In the middle of the Atacama Desert in Chile stands one of the most important facilities for astronomical observations – the Paranal Observatory. The "Very Large Telescope" set up there is the most advanced optical observatory in the world.
With MOONS, a multi-object spectrograph, the European Southern Observatory wants to expand the telescope. It splits the light into its spectrum. MOONS enlarges the wavelength range of light to be observed to the near infrared range. When a star moves away from us, its light is shifted to longer wavelengths – the near-infrared. This opens up new opportunities for astronomers to explore the universe. For example, scientists can study in even greater detail how galaxies form and evolve – providing information about the history of our universe. In addition, researchers will be able to use MOONS to study the properties of millions of stars in our Milky Way.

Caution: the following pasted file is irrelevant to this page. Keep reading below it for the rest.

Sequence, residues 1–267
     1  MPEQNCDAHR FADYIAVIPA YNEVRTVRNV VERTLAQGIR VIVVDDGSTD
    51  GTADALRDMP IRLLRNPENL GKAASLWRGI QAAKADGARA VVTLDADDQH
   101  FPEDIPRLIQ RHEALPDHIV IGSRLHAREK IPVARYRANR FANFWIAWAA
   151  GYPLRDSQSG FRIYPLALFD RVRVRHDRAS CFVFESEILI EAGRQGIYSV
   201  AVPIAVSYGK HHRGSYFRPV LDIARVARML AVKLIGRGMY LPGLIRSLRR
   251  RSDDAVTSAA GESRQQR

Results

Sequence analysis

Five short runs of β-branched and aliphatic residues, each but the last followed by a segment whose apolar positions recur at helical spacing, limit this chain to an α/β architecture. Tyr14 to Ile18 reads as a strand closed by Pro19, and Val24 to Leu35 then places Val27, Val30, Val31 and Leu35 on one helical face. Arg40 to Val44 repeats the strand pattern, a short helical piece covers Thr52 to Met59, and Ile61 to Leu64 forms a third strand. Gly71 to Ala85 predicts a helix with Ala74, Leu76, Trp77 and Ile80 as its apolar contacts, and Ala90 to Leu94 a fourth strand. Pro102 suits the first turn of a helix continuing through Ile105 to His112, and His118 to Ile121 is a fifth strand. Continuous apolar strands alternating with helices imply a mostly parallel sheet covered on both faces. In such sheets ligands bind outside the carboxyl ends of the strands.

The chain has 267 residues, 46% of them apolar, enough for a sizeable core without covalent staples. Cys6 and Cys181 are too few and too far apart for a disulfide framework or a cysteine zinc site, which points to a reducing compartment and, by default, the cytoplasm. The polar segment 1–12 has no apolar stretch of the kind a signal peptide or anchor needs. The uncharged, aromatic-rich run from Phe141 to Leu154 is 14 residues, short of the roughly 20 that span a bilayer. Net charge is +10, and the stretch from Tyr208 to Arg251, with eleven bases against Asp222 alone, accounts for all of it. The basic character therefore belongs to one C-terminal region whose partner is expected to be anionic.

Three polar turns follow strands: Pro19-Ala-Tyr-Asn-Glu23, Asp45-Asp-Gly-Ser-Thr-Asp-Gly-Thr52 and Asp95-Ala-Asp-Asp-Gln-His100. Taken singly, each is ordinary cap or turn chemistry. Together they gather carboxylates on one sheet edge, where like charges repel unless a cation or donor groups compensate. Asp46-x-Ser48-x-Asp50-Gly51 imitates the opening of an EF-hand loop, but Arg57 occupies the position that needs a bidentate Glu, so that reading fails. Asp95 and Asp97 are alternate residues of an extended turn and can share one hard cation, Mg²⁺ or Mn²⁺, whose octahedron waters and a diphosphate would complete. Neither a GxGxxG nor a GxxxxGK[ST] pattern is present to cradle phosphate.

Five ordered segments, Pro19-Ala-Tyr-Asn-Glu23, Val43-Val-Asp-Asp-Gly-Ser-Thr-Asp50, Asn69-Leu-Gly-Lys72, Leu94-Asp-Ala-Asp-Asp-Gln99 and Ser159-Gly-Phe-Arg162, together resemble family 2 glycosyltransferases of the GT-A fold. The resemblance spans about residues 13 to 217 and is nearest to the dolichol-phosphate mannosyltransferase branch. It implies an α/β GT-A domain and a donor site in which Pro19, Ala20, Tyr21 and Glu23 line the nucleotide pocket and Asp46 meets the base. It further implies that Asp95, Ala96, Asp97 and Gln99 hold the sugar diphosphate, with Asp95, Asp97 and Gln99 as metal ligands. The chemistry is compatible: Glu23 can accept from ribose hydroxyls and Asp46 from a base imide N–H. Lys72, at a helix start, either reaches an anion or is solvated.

Heraeus is an important industrial partner of the project. MOONS consists of a large telescope mirror that couples the detected light into the spectrograph via field correction lenses made of Heraeus fused silicas. The light is then distributed to optical fibers and recorded by a system of special optics made of the special Heraeus fused silica Infrasil .
Infrasil has a very low chemical content of hydroxyl (OH bonds). This gives it very high light transmission in the infrared wavelength range compared to other fused silica.
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